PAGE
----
The century’s worst tsunami devastates New York City while the population attempts to flee in terror, but not until after five reels of a completely different picture with a crusading television newsman (in 1939!) and his uncle, a kiddie show host with a ventriloquist dummy as a sidekick, battling a corrupt politician and his campaign manager, a torpedo who prefaces each killing by smilingly asking, “Are we still friends?”
As I think you can tell from the synopsis, this is one goofy-ass B-movie. Which means, yes, we loved it. I mean, if people can sit through Cameron’s Titanic for nearly three hours waiting for the “good part,” one can certainly endure 50 minutes of THIS.
Republic had purchased stock footage from RKO’s 1933 disaster film Deluge, a film that disappeared in the Post-Code era, never to be seen again until a few months ago, when it showed up in a Kino Lorber Blu-ray release (and turned out to be pretty good). The destruction of NY sequence appeared in a handful of Republic features and serials (most famously King of the Rocketmen), and seems oddly tacked-on here, as if the screenwriters had turned in a rather pedestrian script and producer Armand Schaefer said as he chomped on his cigar, “Say, if we wipe out New York at the end, maybe we got somethin’ here” while his sycophants around the table said, “Brilliant, A.S.!” “Love it, A.S.!” “Genius, A.S.!"
Ralph Byrd, in the middle of his four(!) starring Dick Tracy serials for Republic, is the crusading newsman, and by “crusading” we mean “immediately ceases his crusade as soon as the tough guy threatens his wife.” Most of the rest of the cast is adequate but not memorable, including George Barbier as the ventriloquist who gives civics lessons to the kiddies instead of cartoons, Kay Sutton as Byrd’s pretty wife, Mickey Kuhn (the same year he played Beau Wilkes in Gone with the Wind) as Byrd’s son, and Red Barry, Raymond Bailey, Dorothy Lee, and Oscar O’Shea as various mobsters, hangers-on, or would-be good guys. Two standouts in the cast: Frank Jenks is annoying as hell as the supposedly-humorous-cameraman-friend to our leading man, and the always good Mark Lawrence is the tough guy killer with the going-away handshake.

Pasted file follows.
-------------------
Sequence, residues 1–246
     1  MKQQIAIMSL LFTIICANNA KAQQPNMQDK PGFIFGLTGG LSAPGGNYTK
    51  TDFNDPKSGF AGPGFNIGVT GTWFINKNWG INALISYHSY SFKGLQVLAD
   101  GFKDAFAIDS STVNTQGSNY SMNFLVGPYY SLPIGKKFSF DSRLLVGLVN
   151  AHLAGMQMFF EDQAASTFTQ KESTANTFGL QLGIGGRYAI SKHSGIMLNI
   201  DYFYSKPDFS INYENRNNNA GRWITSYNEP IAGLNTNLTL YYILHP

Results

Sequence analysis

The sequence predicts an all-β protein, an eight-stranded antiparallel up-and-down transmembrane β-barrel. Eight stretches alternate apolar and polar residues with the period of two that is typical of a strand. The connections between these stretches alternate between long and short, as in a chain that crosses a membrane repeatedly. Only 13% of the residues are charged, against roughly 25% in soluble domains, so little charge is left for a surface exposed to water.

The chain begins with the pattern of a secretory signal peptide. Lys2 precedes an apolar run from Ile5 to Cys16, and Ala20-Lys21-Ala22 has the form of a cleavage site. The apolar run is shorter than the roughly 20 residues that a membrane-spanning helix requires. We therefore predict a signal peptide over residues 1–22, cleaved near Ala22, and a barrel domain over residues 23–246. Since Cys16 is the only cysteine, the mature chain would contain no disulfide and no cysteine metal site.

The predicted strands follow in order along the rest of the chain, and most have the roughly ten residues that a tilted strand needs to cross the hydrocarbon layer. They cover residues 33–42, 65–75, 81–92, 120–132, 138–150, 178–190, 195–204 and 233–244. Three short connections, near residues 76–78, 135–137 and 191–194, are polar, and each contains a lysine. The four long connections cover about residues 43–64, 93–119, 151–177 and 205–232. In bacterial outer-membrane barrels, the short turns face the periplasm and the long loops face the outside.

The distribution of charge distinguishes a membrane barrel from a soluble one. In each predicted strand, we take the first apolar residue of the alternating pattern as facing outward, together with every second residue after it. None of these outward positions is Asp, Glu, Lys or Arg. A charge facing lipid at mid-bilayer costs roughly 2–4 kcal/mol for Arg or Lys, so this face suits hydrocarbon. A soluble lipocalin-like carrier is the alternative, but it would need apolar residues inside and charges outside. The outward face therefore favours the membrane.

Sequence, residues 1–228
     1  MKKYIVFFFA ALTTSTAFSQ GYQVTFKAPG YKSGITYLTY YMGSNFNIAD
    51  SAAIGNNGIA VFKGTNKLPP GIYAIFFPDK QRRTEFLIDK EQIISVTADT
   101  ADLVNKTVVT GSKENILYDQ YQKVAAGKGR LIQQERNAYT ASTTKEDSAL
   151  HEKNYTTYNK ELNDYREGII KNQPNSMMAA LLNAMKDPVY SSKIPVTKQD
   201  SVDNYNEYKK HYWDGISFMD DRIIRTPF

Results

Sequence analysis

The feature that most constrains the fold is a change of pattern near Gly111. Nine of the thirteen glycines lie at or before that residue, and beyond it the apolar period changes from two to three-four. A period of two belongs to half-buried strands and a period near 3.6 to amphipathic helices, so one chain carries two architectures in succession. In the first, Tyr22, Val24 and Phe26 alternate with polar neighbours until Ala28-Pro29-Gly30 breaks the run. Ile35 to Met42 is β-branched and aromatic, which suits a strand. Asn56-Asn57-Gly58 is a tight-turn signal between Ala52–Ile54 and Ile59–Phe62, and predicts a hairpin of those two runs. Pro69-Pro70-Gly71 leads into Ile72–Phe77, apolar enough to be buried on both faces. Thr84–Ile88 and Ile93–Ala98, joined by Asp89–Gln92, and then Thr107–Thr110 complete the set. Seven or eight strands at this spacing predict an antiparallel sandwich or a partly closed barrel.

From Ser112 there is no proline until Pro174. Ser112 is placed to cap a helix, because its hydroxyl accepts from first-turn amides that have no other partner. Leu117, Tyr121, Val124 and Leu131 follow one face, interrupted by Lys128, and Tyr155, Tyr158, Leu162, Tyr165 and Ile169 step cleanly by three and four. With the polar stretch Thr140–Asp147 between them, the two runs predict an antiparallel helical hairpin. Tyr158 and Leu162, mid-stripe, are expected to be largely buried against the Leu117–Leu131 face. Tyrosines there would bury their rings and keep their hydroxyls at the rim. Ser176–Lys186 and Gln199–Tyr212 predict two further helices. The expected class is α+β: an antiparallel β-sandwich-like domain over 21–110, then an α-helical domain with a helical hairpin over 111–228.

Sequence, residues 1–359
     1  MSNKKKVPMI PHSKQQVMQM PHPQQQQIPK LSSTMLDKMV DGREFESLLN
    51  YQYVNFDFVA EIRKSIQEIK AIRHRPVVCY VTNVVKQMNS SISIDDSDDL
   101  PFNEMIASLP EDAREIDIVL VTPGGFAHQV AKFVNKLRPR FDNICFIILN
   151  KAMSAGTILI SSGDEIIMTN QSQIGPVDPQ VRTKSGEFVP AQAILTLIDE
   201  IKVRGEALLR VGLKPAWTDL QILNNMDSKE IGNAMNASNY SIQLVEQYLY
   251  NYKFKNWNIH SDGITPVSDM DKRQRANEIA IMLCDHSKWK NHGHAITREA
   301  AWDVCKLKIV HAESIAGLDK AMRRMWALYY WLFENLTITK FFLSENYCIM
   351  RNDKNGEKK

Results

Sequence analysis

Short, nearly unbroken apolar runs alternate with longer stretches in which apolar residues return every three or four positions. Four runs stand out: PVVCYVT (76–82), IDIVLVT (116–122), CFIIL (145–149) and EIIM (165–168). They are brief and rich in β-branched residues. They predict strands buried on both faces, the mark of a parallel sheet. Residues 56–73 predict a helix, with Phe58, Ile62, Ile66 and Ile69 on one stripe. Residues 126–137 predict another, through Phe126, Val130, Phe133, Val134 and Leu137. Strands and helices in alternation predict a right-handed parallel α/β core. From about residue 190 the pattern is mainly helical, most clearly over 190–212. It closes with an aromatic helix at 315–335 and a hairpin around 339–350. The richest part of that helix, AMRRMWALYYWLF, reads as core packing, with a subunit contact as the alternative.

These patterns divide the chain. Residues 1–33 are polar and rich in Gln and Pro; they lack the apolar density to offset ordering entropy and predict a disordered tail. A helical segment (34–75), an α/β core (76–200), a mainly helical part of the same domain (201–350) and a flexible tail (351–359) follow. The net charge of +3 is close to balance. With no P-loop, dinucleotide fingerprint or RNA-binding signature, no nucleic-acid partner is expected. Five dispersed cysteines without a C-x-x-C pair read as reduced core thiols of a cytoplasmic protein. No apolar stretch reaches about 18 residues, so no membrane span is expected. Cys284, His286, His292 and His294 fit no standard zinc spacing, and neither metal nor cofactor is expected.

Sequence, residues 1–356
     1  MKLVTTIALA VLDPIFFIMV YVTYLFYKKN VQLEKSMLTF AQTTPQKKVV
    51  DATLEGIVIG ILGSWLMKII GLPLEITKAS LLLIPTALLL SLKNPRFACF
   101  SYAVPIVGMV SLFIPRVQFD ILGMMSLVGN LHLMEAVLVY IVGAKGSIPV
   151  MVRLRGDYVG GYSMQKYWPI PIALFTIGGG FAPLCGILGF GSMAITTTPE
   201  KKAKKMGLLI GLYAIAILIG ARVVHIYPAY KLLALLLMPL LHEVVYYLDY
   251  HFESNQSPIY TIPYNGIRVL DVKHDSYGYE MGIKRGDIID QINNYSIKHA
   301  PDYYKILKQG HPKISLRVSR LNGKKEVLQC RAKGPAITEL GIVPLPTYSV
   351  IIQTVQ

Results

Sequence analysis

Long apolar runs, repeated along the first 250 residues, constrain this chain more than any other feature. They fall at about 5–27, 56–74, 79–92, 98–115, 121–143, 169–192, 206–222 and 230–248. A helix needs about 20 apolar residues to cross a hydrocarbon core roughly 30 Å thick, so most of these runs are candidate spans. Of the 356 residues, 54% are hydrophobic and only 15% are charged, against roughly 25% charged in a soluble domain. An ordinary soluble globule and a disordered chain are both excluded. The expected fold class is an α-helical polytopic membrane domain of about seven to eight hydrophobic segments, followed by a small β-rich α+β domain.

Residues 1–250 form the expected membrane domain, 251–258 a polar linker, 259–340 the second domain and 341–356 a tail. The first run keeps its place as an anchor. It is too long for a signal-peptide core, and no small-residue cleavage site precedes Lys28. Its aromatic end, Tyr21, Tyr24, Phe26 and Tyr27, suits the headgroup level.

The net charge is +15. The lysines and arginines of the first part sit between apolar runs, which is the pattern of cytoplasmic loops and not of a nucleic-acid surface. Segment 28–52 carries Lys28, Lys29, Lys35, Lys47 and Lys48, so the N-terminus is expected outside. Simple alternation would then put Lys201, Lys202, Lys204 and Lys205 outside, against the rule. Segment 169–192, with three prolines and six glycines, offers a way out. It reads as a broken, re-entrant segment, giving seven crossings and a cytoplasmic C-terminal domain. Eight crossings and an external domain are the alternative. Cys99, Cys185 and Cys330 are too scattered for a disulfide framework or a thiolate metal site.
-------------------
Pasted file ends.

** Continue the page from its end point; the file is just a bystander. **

Television was experimental in 1939 and would be set back ten years by the war, but here in Republicland, there’s already a set in every bar, in shop windows, and in assorted homes (but no Uncle Miltie or Ricky Ricardo yet) and, less than a year after Orson Welles put Martians in New Jersey, a telecast has the ability to transform a tranquil city on election day into a fleeing mob rivaling the townspeople in Earth vs. the Flying Saucers, helped in great part by the bombastic, hysterical narrator of the destruction sequence.
“And there goes what remains of the Central Depot! It’s hard to watch that breaking up! It must’ve been crowded with people hoping to escape by train! But no train – NO TRAIN – could outrace the MAD SPEED of the tidal floodwaters!!!”
The Olive Films Blu-ray has a spotty Republic Pictures opening logo but after that it’s a gorgeous print that makes us think this has lain in a vault for all these many years, untouched and pristine. Despite the fact that 1939 audiences must’ve spent most of the film’s running time wondering if they’d wandered into the wrong theatre, S.O.S. Tidal Wave is ridiculous, ludicrous fun and we had a good time with it.